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General Allen noted that coming out of Iraq and Afghanistan, American Forces were forced to change tempo, reshape, and modernize. Iraq then collapsed and ISIS erupted, and we had to go back. All the while, American presence was and is still needed in East Asia and with NATO. He recalled: “We were on the defensive on all sides, and we were not ready.”

Today, the President is very focused on Russia and China. General Allen briefly acknowledged that Russia is a real problem again, namely with regard to the annexation of Crimea and in the cyber realm. He then turned his focus to China. He stipulated, “if you treat a nation as a threat long enough, don’t be surprised when they act like one and they think of themselves as one.” He spoke of four possible “Cs” with China: (1) cooperation on our common interests, (2) competition in opportunity, (3) confrontation and brinksmanship, and (4) conflict. Allen pointed to a number of disturbing trends in China right now including the treatment of the Uyghur population in Xinjiang and President Xi Jinping’s intolerance to opposition and his rising cult of personality.

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Dr. Inboden concluded the talk by asking General Allen about what issues do not get enough attention; he named three. He shared his worries about the status of Pakistan’s nuclear arsenal. He stressed the threat and coming impact of climate change. He then finished the talk by discussing the rise of the cyber environment. He explained, “We live in a Westphalian world with drawn sovereignty. Democracy is not inevitable and in fact, we are now seeing that it might only be accidental.“ Today, Westphalian governance might not be the most important presence in our lives; General Allen stressed the dramatic influence of “digital governance.” He suggested that Facebook and other social media could tell us what to think, what to buy, and how to interact with our social networks. He asked, “While Mark Zuckerberg touches the lives of 2 billion people a day, what about our president? What about the Prime Minister of India?” To General Allen, the influence of digital governance is “unprecedented and unequaled.”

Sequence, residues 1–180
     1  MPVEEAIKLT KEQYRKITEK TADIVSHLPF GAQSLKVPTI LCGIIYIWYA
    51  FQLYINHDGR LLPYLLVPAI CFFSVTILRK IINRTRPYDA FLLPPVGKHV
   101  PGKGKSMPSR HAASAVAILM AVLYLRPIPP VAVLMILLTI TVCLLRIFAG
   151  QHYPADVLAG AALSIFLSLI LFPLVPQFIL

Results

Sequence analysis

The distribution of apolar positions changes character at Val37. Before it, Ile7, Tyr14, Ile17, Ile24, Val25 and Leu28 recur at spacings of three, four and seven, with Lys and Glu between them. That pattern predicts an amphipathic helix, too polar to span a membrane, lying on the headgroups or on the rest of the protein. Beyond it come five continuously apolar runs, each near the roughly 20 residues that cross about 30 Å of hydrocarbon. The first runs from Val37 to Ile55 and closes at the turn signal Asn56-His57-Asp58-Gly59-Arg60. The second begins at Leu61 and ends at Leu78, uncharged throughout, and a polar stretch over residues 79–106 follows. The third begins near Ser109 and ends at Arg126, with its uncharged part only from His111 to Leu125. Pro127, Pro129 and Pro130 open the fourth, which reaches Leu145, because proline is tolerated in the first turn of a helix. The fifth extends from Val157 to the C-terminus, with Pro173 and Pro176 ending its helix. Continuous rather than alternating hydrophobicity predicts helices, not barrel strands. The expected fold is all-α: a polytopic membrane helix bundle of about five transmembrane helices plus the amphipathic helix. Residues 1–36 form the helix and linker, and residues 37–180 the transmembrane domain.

John Rutherford Allen assumed the presidency of the Brookings Institution in November 2017, having most recently served as chair of security and strategy and a distinguished fellow in the Foreign Policy Program at Brookings. Allen is a retired U.S. Marine Corps four-star general and former commander of the NATO International Security Assistance Force (ISAF) and U.S. Forces in Afghanistan.

Allen served in two senior diplomatic roles following his retirement from the Marine Corps. First, for 15 months as senior advisor to the secretary of defense on Middle East Security, during which he led the security dialogue for the Israeli/Palestinian peace process. President Barack Obama then appointed Allen as special presidential envoy to the Global Coalition to Counter ISIL, a position he held for 15 months. Allen’s diplomatic efforts grew the coalition to 65 members, effectively halting the expansion of ISIL. In recognition of this work, he was presented the Department of State Distinguished Honor Award by Secretary John Kerry and the Director of National Intelligence Distinguished Public Service Award by Director James Clapper.